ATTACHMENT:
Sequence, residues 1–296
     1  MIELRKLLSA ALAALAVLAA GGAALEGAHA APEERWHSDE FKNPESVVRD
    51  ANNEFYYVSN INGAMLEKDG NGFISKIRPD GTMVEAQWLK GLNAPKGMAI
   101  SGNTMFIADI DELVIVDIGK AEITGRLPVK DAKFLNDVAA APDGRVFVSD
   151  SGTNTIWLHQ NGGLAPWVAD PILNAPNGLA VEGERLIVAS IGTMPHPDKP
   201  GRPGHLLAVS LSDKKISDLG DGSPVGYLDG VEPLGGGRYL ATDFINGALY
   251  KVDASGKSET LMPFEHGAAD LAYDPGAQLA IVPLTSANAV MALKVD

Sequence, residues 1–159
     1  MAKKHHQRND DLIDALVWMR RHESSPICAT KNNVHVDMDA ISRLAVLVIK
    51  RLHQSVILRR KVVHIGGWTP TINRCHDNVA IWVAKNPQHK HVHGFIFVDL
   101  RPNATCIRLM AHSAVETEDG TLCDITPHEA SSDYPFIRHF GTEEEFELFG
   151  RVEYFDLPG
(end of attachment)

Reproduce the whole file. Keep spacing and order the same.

Sequence, residues 1–296
     1  MIELRKLLSA ALAALAVLAA GGAALEGAHA APEERWHSDE FKNPESVVRD
    51  ANNEFYYVSN INGAMLEKDG NGFISKIRPD GTMVEAQWLK GLNAPKGMAI
   101  SGNTMFIADI DELVIVDIGK AEITGRLPVK DAKFLNDVAA APDGRVFVSD
   151  SGTNTIWLHQ NGGLAPWVAD PILNAPNGLA VEGERLIVAS IGTMPHPDKP
   201  GRPGHLLAVS LSDKKISDLG DGSPVGYLDG VEPLGGGRYL ATDFINGALY
   251  KVDASGKSET LMPFEHGAAD LAYDPGAQLA IVPLTSANAV MALKVD

Sequence, residues 1–159
     1  MAKKHHQRND DLIDALVWMR RHESSPICAT KNNVHVDMDA ISRLAVLVIK
    51  RLHQSVILRR KVVHIGGWTP TINRCHDNVA IWVAKNPQHK HVHGFIFVDL
   101  RPNATCIRLM AHSAVETEDG TLCDITPHEA SSDYPFIRHF GTEEEFELFG
   151  RVEYFDLPG